Sachsenhausen Concentration Camp Memorial Walking Tour
Sachsenhausen Concentration Camp Memorial Walking Tour information and booking
Tour description provided by Viator
For a walking tour with a difference, head north of Berlin for a tour into the past at Sachsenhausen, one of the main concentration camps in Nazi Germany. While you walk, you'll learn the story of the camp, providing an essential background to Germany's past and present. This is one tour you'll remember vividly for years to come.
While the Nazis were hosting the 1936 Olympic games, slave laborers were being forced to build a huge new concentration camp just north of Berlin, intended to hold political 'enemies' of the Nazi regime political, racial and 'asocial'. Of the 200,000 people interned, over 50,000 lost their lives before the camp was liberated by the Soviets in 1945.
The camp was then used by the Soviets until 1950 to detain former Nazis, German soldiers and political opponents of the communists. Many thousands more died from malnutrition and disease.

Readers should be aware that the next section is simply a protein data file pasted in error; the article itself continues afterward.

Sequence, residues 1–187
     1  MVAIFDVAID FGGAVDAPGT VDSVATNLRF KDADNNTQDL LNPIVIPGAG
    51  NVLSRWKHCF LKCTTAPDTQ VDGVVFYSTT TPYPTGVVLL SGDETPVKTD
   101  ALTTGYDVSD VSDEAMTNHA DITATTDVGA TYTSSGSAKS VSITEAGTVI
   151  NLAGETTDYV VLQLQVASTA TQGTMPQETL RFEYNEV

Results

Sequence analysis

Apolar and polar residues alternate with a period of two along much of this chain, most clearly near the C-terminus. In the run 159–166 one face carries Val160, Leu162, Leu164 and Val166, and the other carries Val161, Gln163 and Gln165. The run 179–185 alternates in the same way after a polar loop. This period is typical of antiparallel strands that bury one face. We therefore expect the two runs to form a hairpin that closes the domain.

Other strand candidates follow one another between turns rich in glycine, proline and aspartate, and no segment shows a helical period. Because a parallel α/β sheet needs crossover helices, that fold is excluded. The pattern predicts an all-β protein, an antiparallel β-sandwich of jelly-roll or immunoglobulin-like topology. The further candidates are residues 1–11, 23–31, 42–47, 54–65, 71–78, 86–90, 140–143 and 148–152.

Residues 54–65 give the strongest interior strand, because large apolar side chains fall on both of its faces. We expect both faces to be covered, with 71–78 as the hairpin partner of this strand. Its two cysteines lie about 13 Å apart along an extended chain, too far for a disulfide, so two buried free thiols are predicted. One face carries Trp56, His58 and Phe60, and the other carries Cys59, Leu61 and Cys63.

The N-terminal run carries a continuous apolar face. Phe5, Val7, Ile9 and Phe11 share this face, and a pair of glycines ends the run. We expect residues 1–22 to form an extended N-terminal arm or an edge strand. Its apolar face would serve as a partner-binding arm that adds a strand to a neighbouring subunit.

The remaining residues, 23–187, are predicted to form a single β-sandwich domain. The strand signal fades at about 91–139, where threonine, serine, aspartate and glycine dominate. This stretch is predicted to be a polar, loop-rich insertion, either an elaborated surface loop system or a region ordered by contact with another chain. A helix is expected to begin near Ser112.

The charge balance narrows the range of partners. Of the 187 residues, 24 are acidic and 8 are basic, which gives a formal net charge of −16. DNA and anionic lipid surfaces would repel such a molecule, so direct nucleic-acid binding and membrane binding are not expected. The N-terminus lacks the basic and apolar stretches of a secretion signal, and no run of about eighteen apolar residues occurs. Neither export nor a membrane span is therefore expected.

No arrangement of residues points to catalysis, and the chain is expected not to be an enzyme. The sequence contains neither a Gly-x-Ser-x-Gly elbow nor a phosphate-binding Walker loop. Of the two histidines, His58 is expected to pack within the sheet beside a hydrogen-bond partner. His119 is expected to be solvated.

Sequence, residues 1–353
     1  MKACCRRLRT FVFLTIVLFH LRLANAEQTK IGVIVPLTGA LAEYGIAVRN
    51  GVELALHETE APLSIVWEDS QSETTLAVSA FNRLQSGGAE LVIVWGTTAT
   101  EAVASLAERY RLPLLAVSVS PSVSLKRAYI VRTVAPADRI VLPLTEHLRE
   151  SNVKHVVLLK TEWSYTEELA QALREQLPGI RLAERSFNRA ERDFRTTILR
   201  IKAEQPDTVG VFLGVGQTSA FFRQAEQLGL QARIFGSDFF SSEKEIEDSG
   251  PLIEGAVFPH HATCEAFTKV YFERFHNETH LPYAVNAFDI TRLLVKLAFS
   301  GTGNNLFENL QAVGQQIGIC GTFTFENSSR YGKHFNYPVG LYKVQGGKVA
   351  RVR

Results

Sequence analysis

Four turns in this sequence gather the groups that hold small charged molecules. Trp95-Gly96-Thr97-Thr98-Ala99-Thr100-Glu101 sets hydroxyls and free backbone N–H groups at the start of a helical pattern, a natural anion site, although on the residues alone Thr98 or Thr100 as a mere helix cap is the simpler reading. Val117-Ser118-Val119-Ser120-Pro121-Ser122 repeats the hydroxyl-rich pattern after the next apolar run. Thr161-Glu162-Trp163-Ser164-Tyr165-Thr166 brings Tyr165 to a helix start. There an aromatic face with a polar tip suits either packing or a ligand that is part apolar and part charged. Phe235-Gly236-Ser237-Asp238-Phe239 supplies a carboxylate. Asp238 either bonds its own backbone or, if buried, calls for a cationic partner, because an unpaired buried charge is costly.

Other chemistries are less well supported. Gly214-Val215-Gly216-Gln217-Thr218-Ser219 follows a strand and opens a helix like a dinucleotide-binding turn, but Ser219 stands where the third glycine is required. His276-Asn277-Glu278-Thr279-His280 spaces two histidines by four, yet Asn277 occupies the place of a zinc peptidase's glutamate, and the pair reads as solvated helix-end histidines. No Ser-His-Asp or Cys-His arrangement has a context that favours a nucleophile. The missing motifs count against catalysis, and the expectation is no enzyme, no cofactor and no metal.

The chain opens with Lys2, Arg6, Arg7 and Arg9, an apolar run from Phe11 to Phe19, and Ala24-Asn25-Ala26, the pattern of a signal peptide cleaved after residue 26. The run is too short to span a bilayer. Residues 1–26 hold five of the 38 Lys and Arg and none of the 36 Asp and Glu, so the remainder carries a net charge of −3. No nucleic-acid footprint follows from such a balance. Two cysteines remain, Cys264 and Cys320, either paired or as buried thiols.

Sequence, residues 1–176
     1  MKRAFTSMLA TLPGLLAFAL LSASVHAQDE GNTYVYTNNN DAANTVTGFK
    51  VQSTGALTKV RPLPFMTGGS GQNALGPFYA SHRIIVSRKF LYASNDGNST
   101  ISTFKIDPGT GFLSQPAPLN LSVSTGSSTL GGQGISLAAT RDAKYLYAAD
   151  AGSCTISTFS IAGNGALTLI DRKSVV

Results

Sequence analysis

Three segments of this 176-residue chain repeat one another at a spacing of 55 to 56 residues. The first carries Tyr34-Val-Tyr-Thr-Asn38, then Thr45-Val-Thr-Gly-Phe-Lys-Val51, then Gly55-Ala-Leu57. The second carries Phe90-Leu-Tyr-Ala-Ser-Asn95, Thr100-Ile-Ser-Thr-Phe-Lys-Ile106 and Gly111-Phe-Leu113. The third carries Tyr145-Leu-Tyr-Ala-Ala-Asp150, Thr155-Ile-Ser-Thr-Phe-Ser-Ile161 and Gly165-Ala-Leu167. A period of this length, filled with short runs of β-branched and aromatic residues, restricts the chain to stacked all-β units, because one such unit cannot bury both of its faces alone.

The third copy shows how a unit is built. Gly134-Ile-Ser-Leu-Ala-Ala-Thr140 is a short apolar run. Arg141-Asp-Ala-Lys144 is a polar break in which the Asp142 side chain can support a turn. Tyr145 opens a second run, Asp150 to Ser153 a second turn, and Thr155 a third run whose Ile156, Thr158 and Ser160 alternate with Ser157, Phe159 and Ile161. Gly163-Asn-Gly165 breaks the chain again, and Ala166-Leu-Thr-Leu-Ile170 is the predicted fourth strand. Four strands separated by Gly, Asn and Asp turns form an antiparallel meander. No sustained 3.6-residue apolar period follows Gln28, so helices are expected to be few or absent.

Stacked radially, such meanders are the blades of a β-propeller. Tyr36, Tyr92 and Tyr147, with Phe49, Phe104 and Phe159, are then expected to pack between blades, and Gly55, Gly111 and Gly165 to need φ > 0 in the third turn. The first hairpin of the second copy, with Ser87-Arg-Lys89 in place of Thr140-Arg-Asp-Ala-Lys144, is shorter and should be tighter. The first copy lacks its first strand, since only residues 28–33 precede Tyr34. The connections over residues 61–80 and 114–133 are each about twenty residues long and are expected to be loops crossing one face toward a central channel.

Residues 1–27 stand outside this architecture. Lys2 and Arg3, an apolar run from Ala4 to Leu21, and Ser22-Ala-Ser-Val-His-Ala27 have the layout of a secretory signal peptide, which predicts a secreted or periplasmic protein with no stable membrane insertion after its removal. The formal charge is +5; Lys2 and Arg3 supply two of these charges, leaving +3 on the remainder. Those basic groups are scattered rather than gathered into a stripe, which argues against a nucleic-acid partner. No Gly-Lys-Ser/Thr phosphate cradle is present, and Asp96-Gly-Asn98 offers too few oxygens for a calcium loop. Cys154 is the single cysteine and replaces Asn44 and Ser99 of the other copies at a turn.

The key to this walking tour is the informative and illuminating narrative provided by your expert tour guide. During your 3-hour visit to the camp you'll learn important background history of the site as you walk through the Appellplatz parade ground, the Jewish Barrack, punishment cells, execution grounds and crematorium, Station Z, the Pathology Laboratory and camp hospital.
This tour was researched by historian Gabriel Fawcett, who is publishing an important witness account of the camp. All tour guides have their own special insights into the history of Sachsenhausen, and are experienced in unraveling the complex history of the Third Reich and the Holocaust.
- Local guide
- City map, including information regarding public transport and the best of berlin's museums and nightlife
- Entry to the memorial is free
What isn't included
- Gratuities (optional)
- Food and drinks, unless specified
- Berlin transport abc zone ticket (approx 2.60 euros each way) that is available from your guide on the day